Our view: Join us, won’t you?

Earlier this week, the Stater sent a few reporters to Buffalo, N.Y., to cover the Super Tuesday primary elections. We thought it’d be interesting to gauge how college students were feeling about one of the most heated primary elections in history.

But what we found surprised us. Out of the more than 18,000 students at the University at Buffalo, fewer than 100 voted at campus polling locations. Sure, we can hope the other thousands of students voted absentee or at off-campus polling locations, but one of the reasons Peter Grollitsch, president of the University at Buffalo Undergraduate Student Association, said students weren’t at the polls was that the younger voters are “too busy doing other things.”

But with such a close race this late into primary season, Ohio now matters. So we’re hoping you’re not “busy doing other things” instead of voting. The March 4 primary is less than a month away, and Barack Obama and Hillary Clinton have already sent aides to Ohio, according to The Associated Press. John McCain has yet to send staff to here, but he’s pledged to keep an eye on our state. The candidates are guaranteed to make visits to the state. So if you’re unsure about what you’re reading in the papers, check out the candidates in person.

Our role in the general election has consistently been one of the deciding factors in general elections, such as in 2000 and 2004. As the presidential election rolls around, we’re likely to get slammed with political TV spots and campaign literature. And as the March 4 primary nears, the same is bound to happen.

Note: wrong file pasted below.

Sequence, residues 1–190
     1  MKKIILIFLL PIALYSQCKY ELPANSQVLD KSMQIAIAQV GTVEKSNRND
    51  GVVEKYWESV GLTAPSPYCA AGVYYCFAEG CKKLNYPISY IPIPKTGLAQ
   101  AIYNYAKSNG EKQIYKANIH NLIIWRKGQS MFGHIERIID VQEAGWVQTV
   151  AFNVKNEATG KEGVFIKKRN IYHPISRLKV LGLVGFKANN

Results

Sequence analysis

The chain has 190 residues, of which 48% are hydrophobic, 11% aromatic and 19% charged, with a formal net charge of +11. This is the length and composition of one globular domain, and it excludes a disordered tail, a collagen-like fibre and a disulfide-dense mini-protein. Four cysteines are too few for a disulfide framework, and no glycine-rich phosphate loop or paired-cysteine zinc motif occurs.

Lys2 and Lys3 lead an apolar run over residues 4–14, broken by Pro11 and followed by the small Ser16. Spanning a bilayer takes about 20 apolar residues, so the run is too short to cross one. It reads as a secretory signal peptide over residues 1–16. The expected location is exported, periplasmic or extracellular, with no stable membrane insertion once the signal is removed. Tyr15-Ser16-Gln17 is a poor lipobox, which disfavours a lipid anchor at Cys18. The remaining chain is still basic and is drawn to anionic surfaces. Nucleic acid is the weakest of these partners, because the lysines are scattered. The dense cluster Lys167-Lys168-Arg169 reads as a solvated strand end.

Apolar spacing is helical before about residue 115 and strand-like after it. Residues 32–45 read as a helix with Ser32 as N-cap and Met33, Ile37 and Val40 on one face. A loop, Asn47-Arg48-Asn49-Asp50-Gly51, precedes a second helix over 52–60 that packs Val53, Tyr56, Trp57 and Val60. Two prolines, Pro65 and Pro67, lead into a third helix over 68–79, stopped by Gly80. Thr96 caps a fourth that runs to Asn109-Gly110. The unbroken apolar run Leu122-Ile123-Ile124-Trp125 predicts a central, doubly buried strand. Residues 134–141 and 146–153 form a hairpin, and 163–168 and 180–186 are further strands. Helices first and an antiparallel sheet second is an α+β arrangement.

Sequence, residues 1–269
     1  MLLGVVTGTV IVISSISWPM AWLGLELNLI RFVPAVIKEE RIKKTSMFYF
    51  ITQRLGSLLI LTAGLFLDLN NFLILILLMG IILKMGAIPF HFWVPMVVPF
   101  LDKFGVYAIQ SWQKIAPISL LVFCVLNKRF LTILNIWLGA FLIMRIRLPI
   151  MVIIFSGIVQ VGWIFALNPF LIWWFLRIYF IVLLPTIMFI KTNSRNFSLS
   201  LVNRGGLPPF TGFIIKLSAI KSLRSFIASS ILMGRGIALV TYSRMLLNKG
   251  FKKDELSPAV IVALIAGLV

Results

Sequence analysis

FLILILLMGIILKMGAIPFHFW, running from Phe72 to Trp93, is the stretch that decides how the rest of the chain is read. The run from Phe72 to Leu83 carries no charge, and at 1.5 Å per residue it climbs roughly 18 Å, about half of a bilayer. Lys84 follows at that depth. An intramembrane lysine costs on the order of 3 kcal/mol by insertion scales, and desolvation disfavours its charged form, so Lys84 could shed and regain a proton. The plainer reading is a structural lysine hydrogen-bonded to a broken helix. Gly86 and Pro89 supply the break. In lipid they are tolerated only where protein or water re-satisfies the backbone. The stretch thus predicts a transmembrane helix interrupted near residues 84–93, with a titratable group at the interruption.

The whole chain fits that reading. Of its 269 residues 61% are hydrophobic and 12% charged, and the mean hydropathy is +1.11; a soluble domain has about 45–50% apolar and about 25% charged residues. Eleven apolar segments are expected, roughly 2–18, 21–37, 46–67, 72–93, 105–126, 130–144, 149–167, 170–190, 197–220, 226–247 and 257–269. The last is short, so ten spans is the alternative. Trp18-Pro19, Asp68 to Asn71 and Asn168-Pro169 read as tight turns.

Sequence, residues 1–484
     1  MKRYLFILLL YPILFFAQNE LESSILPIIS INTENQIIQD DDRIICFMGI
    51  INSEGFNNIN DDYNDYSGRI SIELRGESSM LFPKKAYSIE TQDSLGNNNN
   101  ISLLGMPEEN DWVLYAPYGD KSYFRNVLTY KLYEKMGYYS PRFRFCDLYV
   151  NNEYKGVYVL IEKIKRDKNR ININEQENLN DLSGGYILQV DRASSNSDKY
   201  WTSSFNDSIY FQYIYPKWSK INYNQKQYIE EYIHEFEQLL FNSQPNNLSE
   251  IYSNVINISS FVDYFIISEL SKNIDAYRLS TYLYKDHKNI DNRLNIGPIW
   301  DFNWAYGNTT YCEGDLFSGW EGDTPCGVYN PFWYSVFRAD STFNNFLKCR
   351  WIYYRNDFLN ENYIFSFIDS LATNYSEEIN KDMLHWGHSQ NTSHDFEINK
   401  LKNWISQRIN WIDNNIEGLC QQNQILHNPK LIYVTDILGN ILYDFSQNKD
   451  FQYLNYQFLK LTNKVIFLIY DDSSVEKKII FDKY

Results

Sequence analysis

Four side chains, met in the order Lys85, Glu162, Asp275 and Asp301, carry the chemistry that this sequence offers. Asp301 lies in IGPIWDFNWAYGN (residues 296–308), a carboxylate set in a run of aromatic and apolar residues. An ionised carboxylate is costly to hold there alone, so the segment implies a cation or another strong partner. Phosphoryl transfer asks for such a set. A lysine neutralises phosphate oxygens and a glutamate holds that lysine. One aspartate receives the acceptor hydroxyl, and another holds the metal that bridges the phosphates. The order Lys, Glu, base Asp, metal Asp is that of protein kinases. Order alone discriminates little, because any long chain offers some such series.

But don’t let all that disenfranchise you. College-aged voters are a key voting bloc for the candidates. We guarantee you candidates will be surrounded by young college-aged voters the night of the primary.

Poll workers at the University at Buffalo also said there’s a lack of knowledge about the voting process, which was also a factor in the low turnout.

We’re aware college students have a lot on their minds. We know you have to find time to eat Chipotle for the fifth time this week. We know you have to find time to complain because your Sociology class wasn’t canceled. We know you have to find time to cry because the writers’ strike has yet to be resolved. But we’re just asking you to take a few minutes each day to inform yourself on the electoral process. Just set aside 10 minutes to read the latest election headlines.

On the March 4 primary, we’re going to have reporters trying to gauge whether our fellow students are voting. We hope you don’t disappoint us like the student body in Buffalo did. If you know you won’t be able to make it to a polling location that day, you can still request an absentee ballot from the Board of Elections where you’re registered to vote.

We have a chance to make a difference in how our country is run, and voting in this primary is the first step. Join us, won’t you?

The above editorial is the consensus of the Daily Kent Stater editorial board.